Pirelli World Challenge primer: Sonoma

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Title fights in the GT and Touring Car B-Spec classes are at the forefront this weekend as the Pirelli World Challenge tackles the challenging and scenic Sonoma Raceway in northern California.

The Touring Car and TCB categories will stage Rounds 11 and 12 tomorrow afternoon, while the GT and GTS categories will have its 13th round on Sunday.

In TCB, the championship battle features Ernie Francis Jr. (No. 98 Mazda 2) and Robbie Davis (No. 37 Mini Cooper), who both split a pair of wins last time out at Mid-Ohio Sports Car Course and are separated by a mere two points; Francis holds a 1036-1034 lead over Davis.

Needless to say, this weekend’s TC/TCB doubleheader will be critical for both men, as well as for third-place Joel Lipperini (948 points), whose hopes of driving to a TCB crown in the No. 81 Honda Fit are also still alive.

Meanwhile, GT sees Johnny O’Connell (No. 3 Cadillac CTS-V.R) holding a slim 14-point lead, 1278-1265, over James Sofronas (No. 14 Audi R8 LMS). A pair of third-place efforts from Sofronas at Mid-Ohio has helped him trim the gap to O’Connell, who will look to bounce back after a damaged radiator knocked him out of GT/GTS Round 12 at that track.

However, O’Connell and Sofronas will not only have to contend with each other but also Alex Figge (No. 9 Volvo S60), who rides into Sonoma with momentum fully at his back after sweeping both GT races at M-O. He’s also the defending GT race winner at Sonoma and could easily be a threat again.

Additionally, GTS class leader Jack Baldwin (No. 73 Porsche Cayman S) will look to keep his strong 2013 campaign going and stay ahead of his closest rivals, Mark Wilkins (-87 points) and Lawson Aschenbach (-105 points) – both of whom split class wins at M-O.  In TC, Ryan Winchester (No. 72 Honda Civic Si) won’t be able to clinch that title this weekend, but with a hearty 231-point lead in the standings, he can still take further steps toward sewing it up.

The weekend’s races will be streamed live on World-ChallengeTV.com, with Saturday’s TC/TCB events airing at 6:55 p.m. ET and Sunday’s GT/GTS event airing at 1:45 p.m. ET. In addition, NBCSN will broadcast the Sonoma rounds on Sun., Sept. 8 at 3:30 p.m. ET.

Toyota No. 8 car wins the 24 Hours of Le Mans for third consecutive year

24 Hours of Le Mans
JEAN-FRANCOIS MONIER/AFP via Getty Images
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LE MANS, France — Toyota Gazoo’s No. 8 car comfortably won the 24 Hours of Le Mans by five laps Sunday to secure a third straight victory in the prestigious endurance race.

It was also a third consecutive win for Swiss driver Sebastien Buemi and Japan’s Kazuki Nakajima driving. Brendon Hartley was the other driver, having replaced two-time Formula One champion Fernando Alonso.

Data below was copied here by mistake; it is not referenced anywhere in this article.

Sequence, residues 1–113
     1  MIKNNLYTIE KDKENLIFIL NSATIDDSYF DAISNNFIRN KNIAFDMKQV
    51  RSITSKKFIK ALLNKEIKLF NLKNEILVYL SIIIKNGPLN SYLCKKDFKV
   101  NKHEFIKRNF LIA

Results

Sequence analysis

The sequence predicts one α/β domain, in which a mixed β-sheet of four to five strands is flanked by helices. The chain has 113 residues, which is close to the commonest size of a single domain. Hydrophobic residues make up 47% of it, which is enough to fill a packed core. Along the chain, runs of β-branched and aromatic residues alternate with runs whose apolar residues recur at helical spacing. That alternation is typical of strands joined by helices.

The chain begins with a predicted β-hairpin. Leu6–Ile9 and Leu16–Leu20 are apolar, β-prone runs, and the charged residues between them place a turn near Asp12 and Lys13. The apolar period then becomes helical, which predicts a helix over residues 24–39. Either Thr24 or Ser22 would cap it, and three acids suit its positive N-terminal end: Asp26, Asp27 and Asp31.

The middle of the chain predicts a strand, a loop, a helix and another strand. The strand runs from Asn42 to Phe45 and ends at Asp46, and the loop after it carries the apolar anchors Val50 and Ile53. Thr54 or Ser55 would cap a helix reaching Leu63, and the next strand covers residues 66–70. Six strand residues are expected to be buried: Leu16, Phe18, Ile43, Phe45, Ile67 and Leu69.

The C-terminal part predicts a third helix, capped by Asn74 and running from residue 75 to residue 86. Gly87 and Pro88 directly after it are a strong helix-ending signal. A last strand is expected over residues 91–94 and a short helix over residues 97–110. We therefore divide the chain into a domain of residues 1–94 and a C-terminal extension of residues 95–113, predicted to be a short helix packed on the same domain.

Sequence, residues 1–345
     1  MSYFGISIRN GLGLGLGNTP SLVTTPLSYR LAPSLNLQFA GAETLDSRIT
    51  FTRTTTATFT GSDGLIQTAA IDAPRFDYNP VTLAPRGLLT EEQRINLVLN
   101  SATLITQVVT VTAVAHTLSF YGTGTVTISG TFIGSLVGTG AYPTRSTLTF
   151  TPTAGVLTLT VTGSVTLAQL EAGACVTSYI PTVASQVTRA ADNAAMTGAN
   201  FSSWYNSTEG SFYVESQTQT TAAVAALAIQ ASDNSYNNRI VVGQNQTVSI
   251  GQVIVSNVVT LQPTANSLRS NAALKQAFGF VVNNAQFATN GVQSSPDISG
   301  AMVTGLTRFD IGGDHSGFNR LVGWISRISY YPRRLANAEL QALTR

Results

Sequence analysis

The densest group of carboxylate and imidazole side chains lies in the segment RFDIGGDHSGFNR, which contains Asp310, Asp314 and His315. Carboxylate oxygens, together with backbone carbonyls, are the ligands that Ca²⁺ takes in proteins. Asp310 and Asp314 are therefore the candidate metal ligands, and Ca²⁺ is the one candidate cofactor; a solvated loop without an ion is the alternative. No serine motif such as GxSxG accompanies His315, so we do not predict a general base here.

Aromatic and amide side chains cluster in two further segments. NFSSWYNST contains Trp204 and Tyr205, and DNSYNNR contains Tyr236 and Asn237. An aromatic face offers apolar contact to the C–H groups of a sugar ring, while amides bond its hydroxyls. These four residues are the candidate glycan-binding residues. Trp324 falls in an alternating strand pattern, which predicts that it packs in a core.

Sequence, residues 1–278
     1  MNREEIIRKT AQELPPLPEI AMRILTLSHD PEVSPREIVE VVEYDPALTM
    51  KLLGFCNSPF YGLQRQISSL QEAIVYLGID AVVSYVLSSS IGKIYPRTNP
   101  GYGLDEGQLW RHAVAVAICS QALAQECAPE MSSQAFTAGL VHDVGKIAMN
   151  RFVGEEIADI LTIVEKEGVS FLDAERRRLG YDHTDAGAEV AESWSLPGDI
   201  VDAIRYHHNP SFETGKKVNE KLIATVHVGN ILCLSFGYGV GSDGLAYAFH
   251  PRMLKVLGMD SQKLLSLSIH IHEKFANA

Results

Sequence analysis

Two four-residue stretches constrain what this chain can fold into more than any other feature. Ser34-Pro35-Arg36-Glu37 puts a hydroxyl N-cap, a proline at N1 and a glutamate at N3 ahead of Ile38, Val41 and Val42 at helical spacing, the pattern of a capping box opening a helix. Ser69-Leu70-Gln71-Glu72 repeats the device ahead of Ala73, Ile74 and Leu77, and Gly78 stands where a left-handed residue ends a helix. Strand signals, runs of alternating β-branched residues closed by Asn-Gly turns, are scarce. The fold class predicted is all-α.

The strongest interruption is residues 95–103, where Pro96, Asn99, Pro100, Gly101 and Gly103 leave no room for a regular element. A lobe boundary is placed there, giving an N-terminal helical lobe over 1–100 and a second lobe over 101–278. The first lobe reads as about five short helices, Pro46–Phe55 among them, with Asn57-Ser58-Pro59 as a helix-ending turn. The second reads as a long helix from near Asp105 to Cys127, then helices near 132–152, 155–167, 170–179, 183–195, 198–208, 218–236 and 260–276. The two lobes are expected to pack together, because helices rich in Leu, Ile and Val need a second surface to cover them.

Buemi and Hartley sat on the side of the car as Nakajima drove toward the podium. Hartley won for a second time after tasting success with the Porsche LMP Team in 2017 before an unhappy season in Formula One.

The Swiss team’s Rebellion No. 1 featured American driver Gustavo Menezes and Brazilian Bruno Senna – the nephew of late F1 great Ayrton Senna.

It finished one lap ahead of Toyota Gazoo’s No. 7, with Rebellion’s No. 3 finishing in fourth place.

For much of the race it looked like Toyota’s No. 7 would win after leading comfortably from pole position. But late into the night the car encountered an engine problem and the 30-minute stop in the stands proved costly.

The race was first held in 1923. A total of 252,500 spectators attended in 2019, but there were none this year when the race started three months late because of the novel coronavirus (COVID-19) pandemic.

“We miss the fans,” New Zealander Hartley said. “I look forward to seeing all the fans again.”

In other divisions:

United Autosports won the LMP2 division with the entry of Filipe Albuquerque, Paul Di Resta and Phil Hanson.

–In LMGTE Pro, the victory was claimed by Aston Martin Vantage AMR of Maxime Martin, Alex Lynn and Harry Tincknell (who drives for Mazda in the DPi division of IMSA).

–TF Sport won the LMGTE Am class.

The Toyota No. 7 took pole after former F1 driver Kamui Kobayashi narrowly edged out the Rebellion No. 1 team in qualifying.

In damp and humid conditions Mike Conway got away cleanly from the start, while Senna held off Buemi.

After nearly seven hours, Toyota’s No. 8 fell back after a 10-minute stop in the stands to fix a brake-cooling problem on Kazuki Nakajima’s car. Rebellion’s No. 1, driven by Frenchman Norman Nato, took advantage to move into second place behind Toyota’s No. 7.

Then came the decisive moment at 2:40 a.m. as the No. 7 – also featuring Argentine Jose Maria Lopez – encountered a turbo problem. When the car came back out it was back in fourth.

“We had a few problems early in the race,” Nakajima said. “Later they had a bigger issue than us.”

Rebellion’s No. 1 encountered a problem on the hood at around 9 a.m. and the change took six minutes, allowing the Rebellion No. 3 (Nathanael Berthon-Louis Deletraz-Romain Dumas) to close the gap.

It was becoming a tight battle between the two Rebellion cars behind Toyota’s No. 8.

At 12 p.m. Rebellion No. 3 with Dumas behind the wheel was only one second ahead of No. 1 driven by Menezes. Then both cars came in for a driver change with Deletraz swapping for Dumas on a lengthy stop, and Nato for Menezes as Rebellion No. 1 suddenly moved ahead of its team rival.

Dumas, a winner in 2016 with Porsche, appeared unhappy at the strategy decision to bring his car in first and the length of the stop. There were tense explanations in the team garage.

Colombian Tatiana Calderon, an F1 test driver with Alfa Romeo, was in the Richard Mille Racing Team in the LMP2 category. She was joined by German Sophia Florsch – an F3 driver – and Dutchwoman Beitske Visser. They placed ninth out of 24 in their category.